International Society of Arborists
Nick Taylor has been called a pioneer in the arborist industry for some time now. What sets him apart is the rigging skill-set he brought with him from his experience as a union iron worker. When Nick transitioned into something he could do with his four sons, it was natural that he turned to the use of a crane for removals and utilize the rigging techniques he had used for decades building skyscrapers, metro-domes and the like. Although many of the principles were the same, much adaptation was necessary to apply his knowledge to the rigging of a standing tree. Calculating the proper center of balance and stabilizing all the affected branches for a crane lift is tricky business, especially if the tree is dead or dying and could begin falling apart during the lift. Nick’s proprietary adjustable sling system has made his operation safer and more efficient and has become the gold-standard in the industry.
It wasn’t long before his unique approach caught the attention of arborists, some of whom have traveled from other parts of the country to learn his techniques. So, it wasn’t a surprise when Nick was asked to teach Continuing Education for the International Society of Arborists on the subject of Hazard Removals with Large Equiment, specifically Roping and Rigging for Large Crane Removals.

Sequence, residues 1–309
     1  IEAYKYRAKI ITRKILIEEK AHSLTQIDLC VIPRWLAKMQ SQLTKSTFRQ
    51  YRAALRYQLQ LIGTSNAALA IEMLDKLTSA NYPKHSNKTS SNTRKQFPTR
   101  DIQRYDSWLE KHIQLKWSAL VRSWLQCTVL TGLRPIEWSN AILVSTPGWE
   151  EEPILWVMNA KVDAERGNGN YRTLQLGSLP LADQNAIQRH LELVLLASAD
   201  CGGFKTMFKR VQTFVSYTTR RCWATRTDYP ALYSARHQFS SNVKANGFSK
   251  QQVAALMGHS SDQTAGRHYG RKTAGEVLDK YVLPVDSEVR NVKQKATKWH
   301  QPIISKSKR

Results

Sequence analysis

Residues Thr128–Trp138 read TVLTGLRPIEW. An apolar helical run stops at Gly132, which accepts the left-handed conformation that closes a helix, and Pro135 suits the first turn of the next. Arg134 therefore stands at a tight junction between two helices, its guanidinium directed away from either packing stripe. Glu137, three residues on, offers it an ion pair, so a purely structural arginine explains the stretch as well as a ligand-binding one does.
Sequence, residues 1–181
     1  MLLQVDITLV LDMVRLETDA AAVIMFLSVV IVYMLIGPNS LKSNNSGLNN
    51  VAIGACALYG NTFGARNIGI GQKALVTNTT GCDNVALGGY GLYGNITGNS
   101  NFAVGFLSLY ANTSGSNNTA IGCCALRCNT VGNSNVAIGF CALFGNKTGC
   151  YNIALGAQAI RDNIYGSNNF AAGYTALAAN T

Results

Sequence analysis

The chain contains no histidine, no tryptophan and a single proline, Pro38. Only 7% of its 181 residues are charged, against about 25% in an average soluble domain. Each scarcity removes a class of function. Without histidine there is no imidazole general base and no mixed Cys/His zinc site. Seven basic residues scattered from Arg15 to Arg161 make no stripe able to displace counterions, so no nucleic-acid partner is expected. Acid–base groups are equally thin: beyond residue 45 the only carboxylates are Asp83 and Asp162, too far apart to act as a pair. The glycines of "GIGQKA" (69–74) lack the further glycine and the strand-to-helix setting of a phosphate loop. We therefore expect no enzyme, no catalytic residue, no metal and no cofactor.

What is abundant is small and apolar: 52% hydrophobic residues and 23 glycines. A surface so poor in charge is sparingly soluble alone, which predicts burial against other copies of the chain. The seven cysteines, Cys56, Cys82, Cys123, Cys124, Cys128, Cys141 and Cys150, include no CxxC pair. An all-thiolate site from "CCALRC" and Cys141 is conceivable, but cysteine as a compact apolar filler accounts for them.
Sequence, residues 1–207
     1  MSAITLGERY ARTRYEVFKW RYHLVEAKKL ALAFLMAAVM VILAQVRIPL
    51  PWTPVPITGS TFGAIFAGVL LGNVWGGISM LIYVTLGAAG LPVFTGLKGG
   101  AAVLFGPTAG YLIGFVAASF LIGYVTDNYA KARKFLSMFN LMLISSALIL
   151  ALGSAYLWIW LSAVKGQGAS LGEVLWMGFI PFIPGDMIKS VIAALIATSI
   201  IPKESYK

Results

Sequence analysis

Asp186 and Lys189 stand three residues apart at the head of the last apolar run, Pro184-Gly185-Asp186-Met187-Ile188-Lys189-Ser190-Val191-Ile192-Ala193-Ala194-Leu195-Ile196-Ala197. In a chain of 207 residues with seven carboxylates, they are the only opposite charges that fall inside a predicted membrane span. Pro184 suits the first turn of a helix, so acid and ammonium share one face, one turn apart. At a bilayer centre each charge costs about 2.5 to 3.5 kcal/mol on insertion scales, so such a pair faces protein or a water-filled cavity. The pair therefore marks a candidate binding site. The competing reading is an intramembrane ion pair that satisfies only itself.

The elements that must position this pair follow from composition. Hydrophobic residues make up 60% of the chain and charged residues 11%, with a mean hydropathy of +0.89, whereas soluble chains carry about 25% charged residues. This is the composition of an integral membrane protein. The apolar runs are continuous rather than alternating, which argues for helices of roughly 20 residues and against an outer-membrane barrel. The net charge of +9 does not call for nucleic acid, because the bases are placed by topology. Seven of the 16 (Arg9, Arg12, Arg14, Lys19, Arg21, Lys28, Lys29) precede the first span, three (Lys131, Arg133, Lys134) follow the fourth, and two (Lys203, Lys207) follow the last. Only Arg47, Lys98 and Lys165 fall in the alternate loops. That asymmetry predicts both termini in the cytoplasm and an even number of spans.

Here are some pictures from his most recent class. It’s fulfilling to contribute to the safety and well-being of the individuals serving the arbor industry.
Nick's hands-on class combined classroom and equipment demonstration
If you have lived in the greater Tulsa area for at least the past decade, you have seen our trees subjected to winter ice storms, wet spring conditions and strong winds and tornadoes.
The Spring season typically comes with a lot of water - rain, saturated ground conditions and flooding can wreck havoc on your trees. Strong winds can further complicate the issue, causing dangerous conditions not only for the tree but for homes and the public.
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SIGNS TO LOOK FOR
Obviously, dropped limbs are an easy sign to identify that your tree suffered some damage. The key is to look further for less obvious damage. Look up into the tree to see if there are additional broken or hanging limbs. These are very dangerous to be around or under because they can drop at any time. Often you will hear this type of breakage referred to as “hangers” or “widow-makers.” This is something you will want to have trimmed back immediately. You may opt to do this work yourself, however, there are some things you will want to assess first and based on your observations...